Premier Guitar features affiliate links to help support our content. We may earn a commission on any affiliated purchases.

Peavey Launches New Hollywood Showcase

Company founder Hartley Peavey greeted fans and signed autographs, and the grand opening included an appearance by comic book legend Stan Lee.

Hollywood, CA (Sept 7, 2012) – Peavey Electronics launched its new showroom in Hollywood, CA with a five-day celebration spanning the Labor Day Holiday weekend and featuring a variety of artist performances, including shows by Alex Skolnick and Monte Montgomery. Company founder Hartley Peavey greeted fans and signed autographs, and the grand opening included an appearance by comic book legend Stan Lee.


Alex Skolnick kicks out the jams during a high-powered set. Photo by Jaymz Eberly.


Acoustic firebrand Monte Montgomery wows the crowd with his playing and vocals. Photo by Jaymz Eberly.


Peavey guitars and amps dominate the main wall in the new Hollywood showroom.

Located at 7422 Sunset Blvd. on Hollywood’s famed Guitar Row, Peavey Hollywood is open to the public and offers guitarists and music fans a new way to connect with Peavey’s gear and artists. It’s a showroom, performance venue, artist relations headquarters and multimedia dealer education center – all in one. Highlights include a broad selection of Peavey guitars, basses and amps, including a towering kiosk that allows players to quickly compare high-powered guitar amp heads. The facility serves as a high-end retail showcase for Peavey and its affiliated brands: Composite Acoustics, Trace Elliot, Budda Amplification, Crest Audio, Architectural Acoustics and MediaMatrix.

In addition to building awareness for Peavey products and showcasing the company’s 47-year legacy, Peavey Hollywood will host regularly-scheduled high-definition webcasts featuring artist interviews and performances, product reviews, and music industry-related tips for musicians.

For more information:
Peavey

With a team of experts on hand, we look at six workhorse vintage amps you can still find for around $1,000 or less.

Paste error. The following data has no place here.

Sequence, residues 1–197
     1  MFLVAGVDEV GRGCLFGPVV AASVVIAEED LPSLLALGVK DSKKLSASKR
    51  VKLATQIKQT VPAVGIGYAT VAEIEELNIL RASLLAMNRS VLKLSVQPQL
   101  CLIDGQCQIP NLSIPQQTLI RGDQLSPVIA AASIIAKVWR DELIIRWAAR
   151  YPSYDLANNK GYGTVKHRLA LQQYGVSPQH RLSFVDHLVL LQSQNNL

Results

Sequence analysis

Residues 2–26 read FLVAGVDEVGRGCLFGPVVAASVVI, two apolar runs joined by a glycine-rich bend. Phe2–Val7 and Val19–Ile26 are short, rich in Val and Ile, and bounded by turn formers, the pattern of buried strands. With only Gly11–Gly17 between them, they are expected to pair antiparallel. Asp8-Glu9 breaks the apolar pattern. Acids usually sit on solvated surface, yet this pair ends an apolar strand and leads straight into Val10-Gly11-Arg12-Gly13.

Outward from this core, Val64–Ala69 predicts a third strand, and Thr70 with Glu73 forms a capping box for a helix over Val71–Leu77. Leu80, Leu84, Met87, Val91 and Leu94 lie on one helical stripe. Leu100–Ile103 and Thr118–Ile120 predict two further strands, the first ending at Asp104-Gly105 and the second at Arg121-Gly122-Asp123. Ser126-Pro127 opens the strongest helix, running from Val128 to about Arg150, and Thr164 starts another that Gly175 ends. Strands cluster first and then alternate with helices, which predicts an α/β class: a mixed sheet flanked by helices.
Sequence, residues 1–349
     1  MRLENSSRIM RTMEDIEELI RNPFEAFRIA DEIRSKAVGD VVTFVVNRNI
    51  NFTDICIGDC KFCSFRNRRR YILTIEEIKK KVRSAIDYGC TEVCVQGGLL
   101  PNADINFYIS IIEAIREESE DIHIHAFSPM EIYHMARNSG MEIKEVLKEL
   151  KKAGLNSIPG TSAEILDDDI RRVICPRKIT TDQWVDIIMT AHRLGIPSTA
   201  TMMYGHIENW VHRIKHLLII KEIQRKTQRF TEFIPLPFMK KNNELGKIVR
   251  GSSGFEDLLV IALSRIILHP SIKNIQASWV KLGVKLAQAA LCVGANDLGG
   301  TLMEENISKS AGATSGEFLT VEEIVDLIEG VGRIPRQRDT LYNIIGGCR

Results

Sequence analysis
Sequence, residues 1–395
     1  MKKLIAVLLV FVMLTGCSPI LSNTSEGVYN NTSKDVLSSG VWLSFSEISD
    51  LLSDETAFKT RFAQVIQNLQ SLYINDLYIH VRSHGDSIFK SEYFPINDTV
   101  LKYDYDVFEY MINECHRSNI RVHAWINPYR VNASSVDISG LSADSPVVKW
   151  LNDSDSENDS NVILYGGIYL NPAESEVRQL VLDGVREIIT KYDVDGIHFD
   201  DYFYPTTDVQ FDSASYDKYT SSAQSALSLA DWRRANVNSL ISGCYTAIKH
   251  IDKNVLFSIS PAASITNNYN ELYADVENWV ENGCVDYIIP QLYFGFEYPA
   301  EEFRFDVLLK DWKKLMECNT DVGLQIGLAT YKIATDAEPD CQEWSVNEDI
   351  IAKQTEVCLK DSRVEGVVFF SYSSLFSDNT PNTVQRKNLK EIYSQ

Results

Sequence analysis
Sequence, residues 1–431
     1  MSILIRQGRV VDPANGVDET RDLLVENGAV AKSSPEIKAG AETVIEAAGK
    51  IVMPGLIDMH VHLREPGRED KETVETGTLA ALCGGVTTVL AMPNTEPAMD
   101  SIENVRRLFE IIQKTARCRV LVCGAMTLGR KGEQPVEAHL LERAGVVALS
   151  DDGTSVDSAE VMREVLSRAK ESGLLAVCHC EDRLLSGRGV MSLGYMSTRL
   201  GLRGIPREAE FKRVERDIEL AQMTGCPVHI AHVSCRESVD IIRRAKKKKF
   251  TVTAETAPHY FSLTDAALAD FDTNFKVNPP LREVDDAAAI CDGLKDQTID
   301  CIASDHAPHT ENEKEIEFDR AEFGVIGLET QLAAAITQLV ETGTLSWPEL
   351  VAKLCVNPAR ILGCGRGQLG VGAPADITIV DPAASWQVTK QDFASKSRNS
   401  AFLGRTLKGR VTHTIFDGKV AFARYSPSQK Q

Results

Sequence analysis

If you survey the gear that shows up on stages and studios for long enough, you’ll spot some patterns in the kinds of guitar amplification players are using. There’s the rotating cast of backline badasses that do the bulk of the work cranking it out every day and night—we’re all looking at you, ’65 Deluxe Reverb reissue.

Read MoreShow less

Amazon Prime Day is here (July 16-17). Whether you're a veteran player or just picking up your first guitar, these are some bargains you don't want to miss. Check out more deals here! https://amzn.to/3LskPRV

Read MoreShow less

A technicolor swirl of distortion, drive, boost, and ferocious fuzz.

Summons a wealth of engaging, and often unique, boost, drive, distortion, and fuzz tones that deviate from common templates. Interactive controls.

Finding just-right tones, while rewarding, might demand patience from less assured and experienced drive-pedal users. Tone control could be more nuanced.

$199

Danelectro Nichols 1966
danelectro.com

4.5
4
4
4.5

The Danelectro Nichols 1966, in spite of its simplicity, feels and sounds like a stompbox people will use in about a million different ways. Its creator, Steve Ridinger, who built the first version as an industrious Angeleno teen in 1966, modestly calls the China-made Nichols 1966 a cross between a fuzz and a distortion. And, at many settings, it is most certainly that.

Read MoreShow less

The author standing next to a Richardson gunstock lathe purchased from Gibson’s Kalamazoo factory. It was used to make six necks at a time at Gibson in the 1950s and 1960s.

Keep your head down and put in the work if you want to succeed in the gear-building business.

The accelerated commodification of musical instruments during the late 20th century conjures up visions of massive factories churning out violins, pianos, and, of course, fretted instruments. Even the venerable builders of the so-called “golden age” were not exactly the boutique luthier shops of our imagination.

Read MoreShow less